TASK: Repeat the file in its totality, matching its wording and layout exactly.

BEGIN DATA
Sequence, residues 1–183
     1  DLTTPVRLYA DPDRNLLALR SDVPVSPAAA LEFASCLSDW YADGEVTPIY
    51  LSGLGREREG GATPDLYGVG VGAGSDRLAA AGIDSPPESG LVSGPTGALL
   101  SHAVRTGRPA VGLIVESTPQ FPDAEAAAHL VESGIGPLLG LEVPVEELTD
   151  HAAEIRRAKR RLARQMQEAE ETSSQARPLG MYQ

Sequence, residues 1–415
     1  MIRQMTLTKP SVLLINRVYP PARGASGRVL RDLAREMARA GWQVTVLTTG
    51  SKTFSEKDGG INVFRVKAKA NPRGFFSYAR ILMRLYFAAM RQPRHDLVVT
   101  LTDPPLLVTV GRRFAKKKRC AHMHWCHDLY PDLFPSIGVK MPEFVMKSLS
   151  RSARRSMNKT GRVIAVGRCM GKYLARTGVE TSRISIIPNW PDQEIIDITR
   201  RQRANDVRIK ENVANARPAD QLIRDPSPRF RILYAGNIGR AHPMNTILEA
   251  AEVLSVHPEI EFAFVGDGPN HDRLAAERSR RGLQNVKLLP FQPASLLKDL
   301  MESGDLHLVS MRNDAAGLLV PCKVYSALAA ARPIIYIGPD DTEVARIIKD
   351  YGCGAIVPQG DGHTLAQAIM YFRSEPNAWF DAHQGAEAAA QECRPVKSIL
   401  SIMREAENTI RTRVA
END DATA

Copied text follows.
Sequence, residues 1–183
     1  DLTTPVRLYA DPDRNLLALR SDVPVSPAAA LEFASCLSDW YADGEVTPIY
    51  LSGLGREREG GATPDLYGVG VGAGSDRLAA AGIDSPPESG LVSGPTGALL
   101  SHAVRTGRPA VGLIVESTPQ FPDAEAAAHL VESGIGPLLG LEVPVEELTD
   151  HAAEIRRAKR RLARQMQEAE ETSSQARPLG MYQ

Sequence, residues 1–415
     1  MIRQMTLTKP SVLLINRVYP PARGASGRVL RDLAREMARA GWQVTVLTTG
    51  SKTFSEKDGG INVFRVKAKA NPRGFFSYAR ILMRLYFAAM RQPRHDLVVT
   101  LTDPPLLVTV GRRFAKKKRC AHMHWCHDLY PDLFPSIGVK MPEFVMKSLS
   151  RSARRSMNKT GRVIAVGRCM GKYLARTGVE TSRISIIPNW PDQEIIDITR
   201  RQRANDVRIK ENVANARPAD QLIRDPSPRF RILYAGNIGR AHPMNTILEA
   251  AEVLSVHPEI EFAFVGDGPN HDRLAAERSR RGLQNVKLLP FQPASLLKDL
   301  MESGDLHLVS MRNDAAGLLV PCKVYSALAA ARPIIYIGPD DTEVARIIKD
   351  YGCGAIVPQG DGHTLAQAIM YFRSEPNAWF DAHQGAEAAA QECRPVKSIL
   401  SIMREAENTI RTRVA